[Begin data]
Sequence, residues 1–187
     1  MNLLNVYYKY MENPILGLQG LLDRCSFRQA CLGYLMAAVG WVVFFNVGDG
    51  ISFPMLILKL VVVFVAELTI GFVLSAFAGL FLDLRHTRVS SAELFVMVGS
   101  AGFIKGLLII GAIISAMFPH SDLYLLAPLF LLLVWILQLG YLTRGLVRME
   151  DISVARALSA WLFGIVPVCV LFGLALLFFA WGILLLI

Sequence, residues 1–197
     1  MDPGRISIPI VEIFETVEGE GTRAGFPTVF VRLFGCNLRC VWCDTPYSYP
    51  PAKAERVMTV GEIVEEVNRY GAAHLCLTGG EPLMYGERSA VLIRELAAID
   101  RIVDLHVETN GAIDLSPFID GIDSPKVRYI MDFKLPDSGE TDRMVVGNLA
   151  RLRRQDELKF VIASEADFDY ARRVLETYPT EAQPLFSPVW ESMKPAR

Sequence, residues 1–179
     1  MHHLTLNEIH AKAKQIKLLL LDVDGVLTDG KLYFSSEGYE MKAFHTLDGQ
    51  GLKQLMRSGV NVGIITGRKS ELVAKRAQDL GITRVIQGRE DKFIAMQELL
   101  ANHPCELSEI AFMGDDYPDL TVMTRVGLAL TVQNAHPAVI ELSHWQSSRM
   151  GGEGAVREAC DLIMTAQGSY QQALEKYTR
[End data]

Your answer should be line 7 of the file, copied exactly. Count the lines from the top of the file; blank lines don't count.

     1  MDPGRISIPI VEIFETVEGE GTRAGFPTVF VRLFGCNLRC VWCDTPYSYP